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Each Board candidate gets to ask a question, and each question will have an answer from each candidate below it.

Nelson Pavlosky's Question

What action needs to be taken to make sure SFC survives for the next several years, and how will you go about securing SFC's future?

Nelson Pavlosky responds

I think that the number one thing SFC needs to survive in the long term is one or more paid employees, to ensure reliability. [Longer answer will go here]

Ben Moskowitz responds

SFC will survive in some form as long as there are members that care about the issues. That said, the national organization seriously risks irrelevance if we don't regularly meet and set a direction for SFC. A paid coordinator may be the way to go, but more than that: we need dedicated individuals to put a lot of time and effort in to set the tone of discussion, set reasonable goals, and strengthen the group's infrastructure. I believe these are tasks for the board—at this point, continuity of leadership is moot if we don't revitalize the organization.

Kevin Donovan's Question

Why was Students for Free Culture not a signatory or involved with this letter encouraging Obama to pick a reasonable IP Czar?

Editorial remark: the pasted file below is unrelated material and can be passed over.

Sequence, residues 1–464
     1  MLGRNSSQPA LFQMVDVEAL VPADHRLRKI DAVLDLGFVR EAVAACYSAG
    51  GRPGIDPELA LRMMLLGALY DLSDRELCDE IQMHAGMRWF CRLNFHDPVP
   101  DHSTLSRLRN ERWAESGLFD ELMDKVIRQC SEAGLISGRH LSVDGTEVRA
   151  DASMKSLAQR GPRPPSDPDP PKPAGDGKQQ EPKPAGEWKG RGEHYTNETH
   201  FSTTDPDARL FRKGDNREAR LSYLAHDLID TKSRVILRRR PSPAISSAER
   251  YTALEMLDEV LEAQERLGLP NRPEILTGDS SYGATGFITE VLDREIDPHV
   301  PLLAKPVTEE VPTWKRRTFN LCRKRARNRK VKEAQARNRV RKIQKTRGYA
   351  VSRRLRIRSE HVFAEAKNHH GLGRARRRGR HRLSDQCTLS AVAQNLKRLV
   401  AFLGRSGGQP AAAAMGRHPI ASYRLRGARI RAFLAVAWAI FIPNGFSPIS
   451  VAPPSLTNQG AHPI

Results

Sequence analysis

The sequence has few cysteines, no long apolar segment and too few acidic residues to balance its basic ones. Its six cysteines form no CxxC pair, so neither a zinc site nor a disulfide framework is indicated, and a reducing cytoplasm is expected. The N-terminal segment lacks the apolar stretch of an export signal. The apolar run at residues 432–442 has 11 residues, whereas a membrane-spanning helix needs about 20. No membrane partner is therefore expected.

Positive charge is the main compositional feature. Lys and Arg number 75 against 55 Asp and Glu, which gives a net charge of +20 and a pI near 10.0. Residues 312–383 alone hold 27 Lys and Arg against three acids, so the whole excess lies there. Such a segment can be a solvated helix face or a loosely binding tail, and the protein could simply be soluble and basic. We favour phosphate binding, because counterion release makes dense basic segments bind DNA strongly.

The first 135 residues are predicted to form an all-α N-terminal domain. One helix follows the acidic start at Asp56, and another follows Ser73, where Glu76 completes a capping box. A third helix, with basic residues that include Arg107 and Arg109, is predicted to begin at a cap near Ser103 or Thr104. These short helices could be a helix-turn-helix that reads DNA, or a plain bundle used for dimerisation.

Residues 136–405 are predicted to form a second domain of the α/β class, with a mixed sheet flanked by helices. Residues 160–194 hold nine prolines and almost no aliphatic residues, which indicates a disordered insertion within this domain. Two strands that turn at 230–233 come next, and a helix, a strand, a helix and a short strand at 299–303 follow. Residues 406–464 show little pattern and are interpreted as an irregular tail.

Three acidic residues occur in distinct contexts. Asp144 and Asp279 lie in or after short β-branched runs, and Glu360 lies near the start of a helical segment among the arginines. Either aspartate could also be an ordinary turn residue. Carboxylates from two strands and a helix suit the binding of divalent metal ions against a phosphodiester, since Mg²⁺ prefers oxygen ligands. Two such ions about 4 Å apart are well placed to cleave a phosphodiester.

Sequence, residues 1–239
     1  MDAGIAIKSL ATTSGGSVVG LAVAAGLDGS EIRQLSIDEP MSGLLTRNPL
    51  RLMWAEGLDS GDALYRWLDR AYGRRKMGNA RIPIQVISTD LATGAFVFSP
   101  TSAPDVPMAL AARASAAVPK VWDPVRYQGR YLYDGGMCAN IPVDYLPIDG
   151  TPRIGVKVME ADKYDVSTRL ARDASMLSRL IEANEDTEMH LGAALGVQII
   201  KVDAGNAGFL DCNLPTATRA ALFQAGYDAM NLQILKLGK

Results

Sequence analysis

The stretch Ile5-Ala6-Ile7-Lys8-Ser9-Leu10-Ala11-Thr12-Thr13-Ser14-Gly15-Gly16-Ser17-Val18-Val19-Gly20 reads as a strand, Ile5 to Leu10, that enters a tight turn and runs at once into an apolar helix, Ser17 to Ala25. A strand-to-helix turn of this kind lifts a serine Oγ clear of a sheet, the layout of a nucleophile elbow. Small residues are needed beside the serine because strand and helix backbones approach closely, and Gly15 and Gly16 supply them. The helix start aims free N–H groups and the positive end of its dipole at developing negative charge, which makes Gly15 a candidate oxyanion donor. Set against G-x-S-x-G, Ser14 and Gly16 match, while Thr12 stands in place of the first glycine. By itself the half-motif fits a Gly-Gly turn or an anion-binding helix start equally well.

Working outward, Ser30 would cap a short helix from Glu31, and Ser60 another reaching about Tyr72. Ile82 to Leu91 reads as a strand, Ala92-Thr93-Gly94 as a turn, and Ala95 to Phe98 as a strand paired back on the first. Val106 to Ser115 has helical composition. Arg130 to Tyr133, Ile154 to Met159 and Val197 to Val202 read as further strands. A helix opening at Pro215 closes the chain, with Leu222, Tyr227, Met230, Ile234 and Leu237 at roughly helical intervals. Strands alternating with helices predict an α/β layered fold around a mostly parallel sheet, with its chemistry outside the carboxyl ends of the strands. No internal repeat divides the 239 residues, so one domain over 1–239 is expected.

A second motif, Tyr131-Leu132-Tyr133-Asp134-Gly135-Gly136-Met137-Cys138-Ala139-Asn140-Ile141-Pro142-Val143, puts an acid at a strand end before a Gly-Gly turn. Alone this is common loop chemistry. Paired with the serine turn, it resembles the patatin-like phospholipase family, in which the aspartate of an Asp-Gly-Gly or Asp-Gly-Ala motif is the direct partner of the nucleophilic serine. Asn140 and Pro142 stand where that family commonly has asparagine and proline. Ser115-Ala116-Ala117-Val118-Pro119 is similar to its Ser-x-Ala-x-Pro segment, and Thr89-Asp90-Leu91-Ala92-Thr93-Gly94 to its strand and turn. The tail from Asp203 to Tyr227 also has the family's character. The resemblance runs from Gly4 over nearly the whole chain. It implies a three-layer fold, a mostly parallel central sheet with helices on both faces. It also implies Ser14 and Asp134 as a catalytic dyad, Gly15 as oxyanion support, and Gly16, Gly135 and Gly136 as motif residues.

Ben Moskowitz responds

The short answer is that there's no functional decision-making process at the national level right now. Part of the problem is that we don't have wide-open and accessible channels for communication. IMHO, the first step towards concerted coordination is migrating discussion from the email list to a web-based forum. Web-based forums allow anyone to easily access the discussion archives and join in. Not only will a discussion forum focus our energies, it will be publicly indexed so potential members and others can see what we're up to. Email is too impermanent and non-inclusive; it's not very user-friendly for non-techies, and the problem is worsened by the toxic tone our list has acquired.

Ben Moskowitz's Question

What role do you see SFC playing five years from now?

Ben Moskowitz responds

I hesitate to say it, but SFC is less a national organization than an great idea surrounded by impenetrable walls. It's almost impossible for anyone to peer in and see what's going on. Potential members are discouraged by how hard it is to participate, then scared away by the free software dogma that constitutes the list and IRC. While free software is a very important part of our work, it's not the whole enchilada—otherwise we'd be called Students for Free Software.

We can do better than that. Five years from now, I'd like to see us a playing a major role in public discussions about technology and policy. We need to take stances like the ones Kevin Donovan has been advocating. We need to build strong partnerships with organizations that have a direct hand in the formation of policy. We need to have measurable successes in opening up our universities. The vision I have for SFC is a vibrant, university based advocacy group for promoting the public interest in technology. In five years, I'd like to see the number of chapters doubled, the existing chapters strengthened, and SFC recognized at the university level as a kind of salon for young digerati.